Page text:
Effective November 1, 2023, the Minister of National Revenue has designated five notifiable transactions:
- Straddle loss creation transactions using a partnership;
- Avoidance of deemed disposal of trust property;
- Manipulation of bankrupt status to reduce a forgiven amount;
- Reliance on purpose tests in section 256.1 to avoid a deemed acquisition of control; and
- Back-to-back arrangements to avoid the thin capitalization rules or to reduce or avoid Part XIII tax.
The CRA has provided details of each of the designated notifiable transactions here.
Advisors need to be aware of these transactions to fulfill their own reporting obligations and to be able to advise their clients (promoters, taxpayers and perhaps other advisors) of the clients’ reporting obligations. “Advisor” captures any person who provides, directly or indirectly in any manner whatever, any assistance or advice with respect to creating, developing, planning, organizing or implementing the notifiable transaction. Subject to a due diligence defence, a failure to file an information return when required will cause the advisor to be liable to a penalty in excess of the fees charged by the advisor in respect of the notifiable transaction.
Overview of the Rules
A notifiable transaction is a transaction or series of transactions that is designated as such by the CRA with the concurrence of the Minister of Finance as well as transactions and series of transactions that are substantially similar to a designated notifiable transaction. A substantial similar transaction would include any transaction or series of transactions expected to obtain the same or similar types of tax consequences and that is either factually similar or based on the same or similar tax strategy.
In general, the following persons are required to file an information return (Form RC312) with respect to a notifiable transaction:
- every person who will realize a tax benefit from the notifiable transaction or a series of transactions that includes the notifiable transaction;
- every person who entered into the notifiable transaction for the benefit of a person who will realize the tax benefit;
- every advisor or promoter in respect of the notifiable transaction; and
- every person who does not deal at arm’s length with an advisor or promoter (acting in that capacity with respect to the notifiable transaction) and who is, or could become, entitled to a fee that is in respect of the notifiable transaction.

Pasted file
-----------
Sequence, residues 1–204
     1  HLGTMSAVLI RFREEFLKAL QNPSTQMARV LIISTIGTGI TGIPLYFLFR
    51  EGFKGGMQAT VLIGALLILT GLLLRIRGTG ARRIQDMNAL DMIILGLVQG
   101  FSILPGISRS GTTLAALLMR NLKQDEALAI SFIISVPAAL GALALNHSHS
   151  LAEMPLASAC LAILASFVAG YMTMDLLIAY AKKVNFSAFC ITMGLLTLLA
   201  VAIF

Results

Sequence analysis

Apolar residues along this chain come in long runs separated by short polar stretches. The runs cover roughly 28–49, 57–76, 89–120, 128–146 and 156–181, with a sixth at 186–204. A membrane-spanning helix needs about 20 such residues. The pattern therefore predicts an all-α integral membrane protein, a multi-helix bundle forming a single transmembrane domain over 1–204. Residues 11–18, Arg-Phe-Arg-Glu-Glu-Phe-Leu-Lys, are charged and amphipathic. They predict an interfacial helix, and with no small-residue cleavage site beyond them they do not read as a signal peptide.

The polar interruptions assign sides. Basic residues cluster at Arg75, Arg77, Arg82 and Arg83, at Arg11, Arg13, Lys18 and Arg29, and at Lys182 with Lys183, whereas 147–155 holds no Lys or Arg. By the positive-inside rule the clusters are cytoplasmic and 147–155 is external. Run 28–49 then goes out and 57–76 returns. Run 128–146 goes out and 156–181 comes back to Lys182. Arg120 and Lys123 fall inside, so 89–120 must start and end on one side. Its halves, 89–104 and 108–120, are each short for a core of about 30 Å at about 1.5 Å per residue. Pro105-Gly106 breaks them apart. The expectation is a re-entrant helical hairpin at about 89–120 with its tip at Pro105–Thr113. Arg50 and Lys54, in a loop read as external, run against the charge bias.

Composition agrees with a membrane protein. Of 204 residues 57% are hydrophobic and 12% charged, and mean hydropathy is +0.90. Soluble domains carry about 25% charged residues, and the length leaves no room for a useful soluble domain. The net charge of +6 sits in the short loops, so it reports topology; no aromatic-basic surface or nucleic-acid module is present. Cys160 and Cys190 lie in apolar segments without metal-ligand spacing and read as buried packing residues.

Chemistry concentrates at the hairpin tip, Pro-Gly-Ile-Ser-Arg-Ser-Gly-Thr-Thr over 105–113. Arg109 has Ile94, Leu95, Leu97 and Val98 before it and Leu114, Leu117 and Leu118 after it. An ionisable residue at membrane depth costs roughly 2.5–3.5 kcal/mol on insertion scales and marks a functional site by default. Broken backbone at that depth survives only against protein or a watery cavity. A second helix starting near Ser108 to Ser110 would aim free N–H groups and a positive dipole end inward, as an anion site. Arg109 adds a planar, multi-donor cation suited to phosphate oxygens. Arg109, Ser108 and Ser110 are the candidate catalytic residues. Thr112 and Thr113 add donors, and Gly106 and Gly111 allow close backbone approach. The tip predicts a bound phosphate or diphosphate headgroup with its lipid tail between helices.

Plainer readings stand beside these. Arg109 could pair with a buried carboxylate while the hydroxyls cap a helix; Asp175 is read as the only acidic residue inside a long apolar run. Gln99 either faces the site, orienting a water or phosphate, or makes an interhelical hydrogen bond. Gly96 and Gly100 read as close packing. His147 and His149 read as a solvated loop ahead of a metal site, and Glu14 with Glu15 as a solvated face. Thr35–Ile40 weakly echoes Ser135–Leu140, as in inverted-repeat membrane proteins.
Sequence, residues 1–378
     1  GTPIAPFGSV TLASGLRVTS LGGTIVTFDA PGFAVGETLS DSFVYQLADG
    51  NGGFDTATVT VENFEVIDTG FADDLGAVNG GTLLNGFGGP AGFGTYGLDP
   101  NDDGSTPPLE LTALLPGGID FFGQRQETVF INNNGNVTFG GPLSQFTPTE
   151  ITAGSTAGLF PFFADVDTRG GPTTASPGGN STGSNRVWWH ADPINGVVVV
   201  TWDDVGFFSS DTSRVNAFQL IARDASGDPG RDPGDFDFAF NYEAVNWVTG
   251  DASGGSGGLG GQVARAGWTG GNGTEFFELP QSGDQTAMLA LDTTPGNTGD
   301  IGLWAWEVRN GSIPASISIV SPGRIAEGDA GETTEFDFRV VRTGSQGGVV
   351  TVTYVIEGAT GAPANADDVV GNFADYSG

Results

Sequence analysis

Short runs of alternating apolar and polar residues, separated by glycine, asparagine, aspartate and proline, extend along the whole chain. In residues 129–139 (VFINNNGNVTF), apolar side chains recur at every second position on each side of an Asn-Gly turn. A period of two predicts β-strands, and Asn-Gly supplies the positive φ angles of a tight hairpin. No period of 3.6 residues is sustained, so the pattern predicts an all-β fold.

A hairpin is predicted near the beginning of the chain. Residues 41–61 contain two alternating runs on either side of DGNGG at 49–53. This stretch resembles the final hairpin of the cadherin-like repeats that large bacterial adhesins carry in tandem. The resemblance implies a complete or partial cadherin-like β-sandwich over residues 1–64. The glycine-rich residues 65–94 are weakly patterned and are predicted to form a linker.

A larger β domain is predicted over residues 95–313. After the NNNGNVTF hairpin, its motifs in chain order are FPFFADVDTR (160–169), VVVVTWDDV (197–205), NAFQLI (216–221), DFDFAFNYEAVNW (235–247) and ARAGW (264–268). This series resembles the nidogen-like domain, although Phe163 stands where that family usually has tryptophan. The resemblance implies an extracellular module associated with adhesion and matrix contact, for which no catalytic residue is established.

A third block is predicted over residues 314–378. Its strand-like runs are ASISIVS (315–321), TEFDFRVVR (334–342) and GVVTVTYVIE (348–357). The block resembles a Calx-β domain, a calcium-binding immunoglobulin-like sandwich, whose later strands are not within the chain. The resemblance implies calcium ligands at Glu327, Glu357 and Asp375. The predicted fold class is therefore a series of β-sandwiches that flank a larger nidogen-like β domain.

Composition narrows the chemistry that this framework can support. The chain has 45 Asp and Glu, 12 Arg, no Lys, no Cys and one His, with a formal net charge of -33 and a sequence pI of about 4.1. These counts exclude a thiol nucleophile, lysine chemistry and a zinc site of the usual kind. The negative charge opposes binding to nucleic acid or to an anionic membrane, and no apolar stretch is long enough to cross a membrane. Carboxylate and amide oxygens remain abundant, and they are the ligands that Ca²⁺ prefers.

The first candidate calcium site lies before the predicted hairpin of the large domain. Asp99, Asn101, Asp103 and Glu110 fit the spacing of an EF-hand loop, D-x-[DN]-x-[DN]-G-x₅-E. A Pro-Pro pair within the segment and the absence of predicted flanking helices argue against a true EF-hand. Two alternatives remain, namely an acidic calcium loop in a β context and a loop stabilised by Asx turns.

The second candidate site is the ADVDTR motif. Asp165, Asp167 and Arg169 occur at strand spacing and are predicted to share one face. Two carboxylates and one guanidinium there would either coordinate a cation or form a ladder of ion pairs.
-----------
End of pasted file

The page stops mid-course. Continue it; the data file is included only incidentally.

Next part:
The information return must be filed generally within 90 days of the taxpayer entering into, or becoming contractually obligated to enter into, the notifiable transaction. Failure to file penalties for the taxpayer is either $500 or $2,000 per week to a maximum of the greater of (i) $25,000 or $100,000 and (ii) 25% of the tax benefit, with the higher penalty applying to corporate taxpayers with a carrying value of assets of at least $50 million. Each promoter and advisor can be subject to penalties totalling 100% of the fees charged for the transaction or series of transactions plus $10,000 plus $1,000 per day of non-compliance to a maximum of $100,000. Notably, the penalty of 100% of fees plus $10,000 applies to any late filing (even if only one day late). Furthermore, there may be circumstances where “fees charged” exceed the “fees received”.
CRA Mailing List
The CRA recently released an electronic mailing list to notify subscribers when a new notifiable transaction has been designated by the Minister. The CRA indicates that subscribers to this new mailing list may also receive other related updates to the mandatory disclosure rules. To sign up, click here.
The CRA warns that they do not assume any responsibility for the timely delivery of information updates through this service and that the use of this service is not a substitute for regularly checking a pending designated notifiable transaction webpage.
For a detailed overview of the notifiable transaction provisions and the mandatory disclosure rules click here.
The information and comments herein are for the general information of the reader and are not intended as advice or opinion to be relied upon in relation to any particular circumstances. For particular application of the law to specific situations, the reader should seek professional advice.